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The page below is a sample from the LabCE course Clostridium difficile Infection (CDI): Overview, Laboratory Tests and Updated Guidelines.. Access the complete course and earn ASCLS P.A.C.E.-approved continuing education credits by subscribing online.

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CDI: Healthcare Facts and Statistics

The following is a summary of the healthcare-related facts and statistics on CDI:
  • C diff bacterium is ubiquitous in nature and especially prevalent in soil. In 2-5% of the adult population, the bacterium may become established in the human colon. C diff can be transmitted from person to person by the fecal-oral route.
  • Annually in the U.S. approximately a half million individuals become ill from the C diff bacteria and an estimated 29,000 deaths occur within 30 days of the initial diagnosis. In recent years in the U.S and other countries, C diff infections (CDIs) have become more frequent, severe and difficult to treat. CDI is now the most common cause of diarrhea in people who develop diarrheal symptoms while hospitalized.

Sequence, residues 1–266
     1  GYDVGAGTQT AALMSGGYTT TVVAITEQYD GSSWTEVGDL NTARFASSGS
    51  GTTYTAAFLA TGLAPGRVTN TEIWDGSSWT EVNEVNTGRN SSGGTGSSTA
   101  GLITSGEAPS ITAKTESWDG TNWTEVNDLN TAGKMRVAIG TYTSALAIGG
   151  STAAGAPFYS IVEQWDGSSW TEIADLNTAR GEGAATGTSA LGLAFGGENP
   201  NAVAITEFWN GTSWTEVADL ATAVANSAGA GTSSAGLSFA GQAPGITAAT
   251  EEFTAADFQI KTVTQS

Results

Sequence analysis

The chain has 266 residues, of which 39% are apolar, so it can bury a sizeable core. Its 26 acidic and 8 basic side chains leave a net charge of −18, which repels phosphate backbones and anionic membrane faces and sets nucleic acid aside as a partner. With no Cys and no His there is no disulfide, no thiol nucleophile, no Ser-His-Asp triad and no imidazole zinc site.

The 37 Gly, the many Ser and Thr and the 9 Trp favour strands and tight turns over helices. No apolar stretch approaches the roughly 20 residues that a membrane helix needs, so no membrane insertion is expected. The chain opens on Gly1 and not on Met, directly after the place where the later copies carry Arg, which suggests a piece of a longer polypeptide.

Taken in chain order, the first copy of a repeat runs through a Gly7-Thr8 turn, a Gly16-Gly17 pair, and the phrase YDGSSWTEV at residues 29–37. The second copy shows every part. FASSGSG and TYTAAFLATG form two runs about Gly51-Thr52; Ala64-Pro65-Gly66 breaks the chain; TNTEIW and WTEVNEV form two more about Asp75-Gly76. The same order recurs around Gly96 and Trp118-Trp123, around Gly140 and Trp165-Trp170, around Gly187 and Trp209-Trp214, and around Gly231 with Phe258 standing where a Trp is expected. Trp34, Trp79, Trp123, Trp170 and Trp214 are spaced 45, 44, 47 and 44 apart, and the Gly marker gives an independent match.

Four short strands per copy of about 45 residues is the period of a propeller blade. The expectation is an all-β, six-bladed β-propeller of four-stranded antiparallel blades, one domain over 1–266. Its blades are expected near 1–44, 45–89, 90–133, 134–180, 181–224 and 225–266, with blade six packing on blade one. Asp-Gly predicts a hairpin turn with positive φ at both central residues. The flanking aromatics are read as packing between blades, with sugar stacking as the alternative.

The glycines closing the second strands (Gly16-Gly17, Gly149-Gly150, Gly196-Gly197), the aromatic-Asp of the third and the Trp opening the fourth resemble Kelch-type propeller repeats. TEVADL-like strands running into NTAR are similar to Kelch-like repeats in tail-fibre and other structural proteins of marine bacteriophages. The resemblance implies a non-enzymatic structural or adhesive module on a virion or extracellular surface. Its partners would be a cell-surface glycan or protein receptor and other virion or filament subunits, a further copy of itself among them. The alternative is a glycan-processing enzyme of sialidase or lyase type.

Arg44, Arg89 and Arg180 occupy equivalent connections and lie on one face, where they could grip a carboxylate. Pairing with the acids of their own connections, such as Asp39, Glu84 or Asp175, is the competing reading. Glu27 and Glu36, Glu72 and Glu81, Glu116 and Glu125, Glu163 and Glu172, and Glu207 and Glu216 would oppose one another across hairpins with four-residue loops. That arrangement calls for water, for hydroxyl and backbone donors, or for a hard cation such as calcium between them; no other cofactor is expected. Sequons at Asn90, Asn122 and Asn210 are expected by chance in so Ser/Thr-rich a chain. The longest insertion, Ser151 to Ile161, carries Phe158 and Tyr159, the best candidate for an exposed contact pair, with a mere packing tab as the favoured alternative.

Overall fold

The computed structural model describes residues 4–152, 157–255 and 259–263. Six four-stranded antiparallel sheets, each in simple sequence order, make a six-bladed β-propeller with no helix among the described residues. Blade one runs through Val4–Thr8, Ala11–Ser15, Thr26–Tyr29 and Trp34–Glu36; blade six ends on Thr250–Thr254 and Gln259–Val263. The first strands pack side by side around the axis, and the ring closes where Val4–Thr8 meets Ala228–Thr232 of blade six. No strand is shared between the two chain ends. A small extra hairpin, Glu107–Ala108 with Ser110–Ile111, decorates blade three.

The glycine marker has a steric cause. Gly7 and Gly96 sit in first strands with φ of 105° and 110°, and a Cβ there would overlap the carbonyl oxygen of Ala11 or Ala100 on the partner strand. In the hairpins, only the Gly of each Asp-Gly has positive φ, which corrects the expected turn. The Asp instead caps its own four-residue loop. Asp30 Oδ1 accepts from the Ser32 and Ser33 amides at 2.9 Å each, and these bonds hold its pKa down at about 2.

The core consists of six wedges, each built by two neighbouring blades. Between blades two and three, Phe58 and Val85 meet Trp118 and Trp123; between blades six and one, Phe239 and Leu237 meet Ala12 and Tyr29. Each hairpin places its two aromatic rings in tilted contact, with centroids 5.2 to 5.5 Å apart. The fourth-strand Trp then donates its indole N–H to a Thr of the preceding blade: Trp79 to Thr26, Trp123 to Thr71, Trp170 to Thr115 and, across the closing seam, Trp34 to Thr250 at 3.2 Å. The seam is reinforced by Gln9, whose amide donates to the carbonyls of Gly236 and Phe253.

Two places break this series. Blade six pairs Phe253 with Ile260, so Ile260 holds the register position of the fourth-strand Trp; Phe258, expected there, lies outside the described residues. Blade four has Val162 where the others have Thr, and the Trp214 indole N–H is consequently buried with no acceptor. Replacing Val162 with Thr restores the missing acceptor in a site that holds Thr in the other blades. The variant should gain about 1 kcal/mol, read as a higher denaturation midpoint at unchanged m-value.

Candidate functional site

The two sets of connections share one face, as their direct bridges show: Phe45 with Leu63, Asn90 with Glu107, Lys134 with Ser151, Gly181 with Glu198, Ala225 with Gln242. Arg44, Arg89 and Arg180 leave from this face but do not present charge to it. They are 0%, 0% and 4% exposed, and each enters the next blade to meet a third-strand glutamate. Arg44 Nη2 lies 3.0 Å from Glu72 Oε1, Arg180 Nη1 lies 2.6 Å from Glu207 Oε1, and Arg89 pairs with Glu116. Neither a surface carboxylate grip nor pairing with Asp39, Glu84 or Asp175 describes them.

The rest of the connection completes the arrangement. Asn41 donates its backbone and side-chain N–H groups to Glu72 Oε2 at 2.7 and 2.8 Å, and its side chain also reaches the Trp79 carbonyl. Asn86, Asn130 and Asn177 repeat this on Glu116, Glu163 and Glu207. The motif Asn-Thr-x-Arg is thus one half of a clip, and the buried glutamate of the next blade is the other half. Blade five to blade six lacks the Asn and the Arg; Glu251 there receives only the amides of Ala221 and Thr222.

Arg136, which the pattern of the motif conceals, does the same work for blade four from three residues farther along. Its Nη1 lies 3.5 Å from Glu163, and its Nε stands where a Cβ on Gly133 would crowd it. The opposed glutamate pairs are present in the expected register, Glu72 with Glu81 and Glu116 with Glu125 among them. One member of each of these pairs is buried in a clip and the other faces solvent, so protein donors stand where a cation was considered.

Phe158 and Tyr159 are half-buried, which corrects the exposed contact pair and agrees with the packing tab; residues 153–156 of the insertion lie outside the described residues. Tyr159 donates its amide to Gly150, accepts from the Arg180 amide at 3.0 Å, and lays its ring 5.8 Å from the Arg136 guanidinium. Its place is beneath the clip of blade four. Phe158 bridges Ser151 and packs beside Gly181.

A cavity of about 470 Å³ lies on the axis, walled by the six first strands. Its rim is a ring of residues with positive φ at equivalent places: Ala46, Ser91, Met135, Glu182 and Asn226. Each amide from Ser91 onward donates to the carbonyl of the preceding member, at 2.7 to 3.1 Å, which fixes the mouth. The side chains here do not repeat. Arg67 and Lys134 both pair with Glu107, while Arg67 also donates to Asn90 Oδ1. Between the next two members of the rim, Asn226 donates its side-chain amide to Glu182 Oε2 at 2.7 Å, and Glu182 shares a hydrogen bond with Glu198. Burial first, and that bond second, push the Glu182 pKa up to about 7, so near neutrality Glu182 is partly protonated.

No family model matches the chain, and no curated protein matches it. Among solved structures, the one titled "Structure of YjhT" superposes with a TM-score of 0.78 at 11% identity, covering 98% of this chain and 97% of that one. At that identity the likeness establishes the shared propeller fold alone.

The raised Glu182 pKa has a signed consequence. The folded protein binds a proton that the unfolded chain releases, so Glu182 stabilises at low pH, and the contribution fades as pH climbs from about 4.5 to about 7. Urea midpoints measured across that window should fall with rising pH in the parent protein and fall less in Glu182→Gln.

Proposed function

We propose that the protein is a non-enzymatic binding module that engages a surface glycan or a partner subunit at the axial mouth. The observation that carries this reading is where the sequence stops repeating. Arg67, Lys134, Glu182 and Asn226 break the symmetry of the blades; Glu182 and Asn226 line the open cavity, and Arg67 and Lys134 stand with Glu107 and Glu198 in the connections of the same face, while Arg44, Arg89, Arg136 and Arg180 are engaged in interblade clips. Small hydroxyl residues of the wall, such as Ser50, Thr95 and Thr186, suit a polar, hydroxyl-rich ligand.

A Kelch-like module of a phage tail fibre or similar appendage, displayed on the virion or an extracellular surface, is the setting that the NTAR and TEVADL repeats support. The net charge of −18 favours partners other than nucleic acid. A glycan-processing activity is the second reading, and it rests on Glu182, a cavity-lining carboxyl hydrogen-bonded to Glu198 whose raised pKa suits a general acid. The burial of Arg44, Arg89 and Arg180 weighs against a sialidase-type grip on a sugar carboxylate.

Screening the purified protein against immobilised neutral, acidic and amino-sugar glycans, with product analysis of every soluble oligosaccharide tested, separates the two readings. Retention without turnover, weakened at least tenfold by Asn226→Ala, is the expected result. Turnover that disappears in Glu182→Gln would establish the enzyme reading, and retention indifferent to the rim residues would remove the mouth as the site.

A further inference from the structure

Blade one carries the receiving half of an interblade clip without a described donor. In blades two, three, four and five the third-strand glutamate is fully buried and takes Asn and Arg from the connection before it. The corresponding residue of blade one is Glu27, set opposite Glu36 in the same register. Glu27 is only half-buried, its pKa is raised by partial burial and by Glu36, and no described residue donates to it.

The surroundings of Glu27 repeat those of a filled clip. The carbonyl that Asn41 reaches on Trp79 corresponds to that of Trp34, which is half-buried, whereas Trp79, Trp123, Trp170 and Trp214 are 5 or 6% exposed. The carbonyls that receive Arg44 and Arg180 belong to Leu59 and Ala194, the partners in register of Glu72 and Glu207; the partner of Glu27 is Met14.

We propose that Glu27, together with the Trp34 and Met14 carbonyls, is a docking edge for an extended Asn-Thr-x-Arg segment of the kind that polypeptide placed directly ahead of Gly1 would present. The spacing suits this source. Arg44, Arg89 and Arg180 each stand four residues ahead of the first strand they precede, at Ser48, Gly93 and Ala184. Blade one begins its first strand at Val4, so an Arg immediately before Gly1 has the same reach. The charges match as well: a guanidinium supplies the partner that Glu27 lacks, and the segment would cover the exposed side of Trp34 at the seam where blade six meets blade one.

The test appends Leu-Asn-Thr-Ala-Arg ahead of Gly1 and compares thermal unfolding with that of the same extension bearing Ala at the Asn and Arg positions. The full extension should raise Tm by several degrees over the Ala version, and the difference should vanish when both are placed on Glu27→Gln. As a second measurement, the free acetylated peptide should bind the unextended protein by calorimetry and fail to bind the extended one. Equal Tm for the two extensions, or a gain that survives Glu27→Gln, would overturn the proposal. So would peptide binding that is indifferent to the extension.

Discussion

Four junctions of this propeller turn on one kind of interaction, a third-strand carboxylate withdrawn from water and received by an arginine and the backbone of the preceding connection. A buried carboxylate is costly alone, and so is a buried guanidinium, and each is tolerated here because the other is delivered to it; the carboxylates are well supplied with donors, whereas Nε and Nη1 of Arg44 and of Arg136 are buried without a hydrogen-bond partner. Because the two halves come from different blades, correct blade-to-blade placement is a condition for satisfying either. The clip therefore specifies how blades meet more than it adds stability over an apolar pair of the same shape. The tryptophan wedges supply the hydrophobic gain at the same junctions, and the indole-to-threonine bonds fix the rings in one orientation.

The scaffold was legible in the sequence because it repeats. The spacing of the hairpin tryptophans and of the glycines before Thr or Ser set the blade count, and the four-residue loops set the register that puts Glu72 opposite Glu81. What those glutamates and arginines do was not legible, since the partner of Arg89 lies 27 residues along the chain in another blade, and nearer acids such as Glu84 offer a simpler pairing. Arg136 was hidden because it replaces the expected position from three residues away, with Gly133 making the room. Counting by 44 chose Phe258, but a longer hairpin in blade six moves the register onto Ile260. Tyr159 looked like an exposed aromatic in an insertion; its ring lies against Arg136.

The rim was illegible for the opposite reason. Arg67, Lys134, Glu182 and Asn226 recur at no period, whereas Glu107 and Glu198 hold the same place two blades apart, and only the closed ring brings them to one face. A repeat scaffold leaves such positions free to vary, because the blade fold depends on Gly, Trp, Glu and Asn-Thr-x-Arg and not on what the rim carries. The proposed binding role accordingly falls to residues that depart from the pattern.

• CDI differs from most other infections because it typically occurs after treatment with antibiotics. With the increased use of antibiotics, the incidence of CDI has increased over the past two decades and now makes up about 20% of the antibiotic-associated diarrhea. It is estimated that CDI costs the United States healthcare system $5 billion every year.
  • CDI is a global problem occurring in all areas of the world. Rates of the infection globally have increased between 2001 and 2016. It appears that women are more often affected than men.
  • The increased incidence and severity of CDI observed in the U.S. and other countries have been attributed to the emergence of a new strain (strain 027) of Clostridium difficile, which appears to be more virulent than other strains.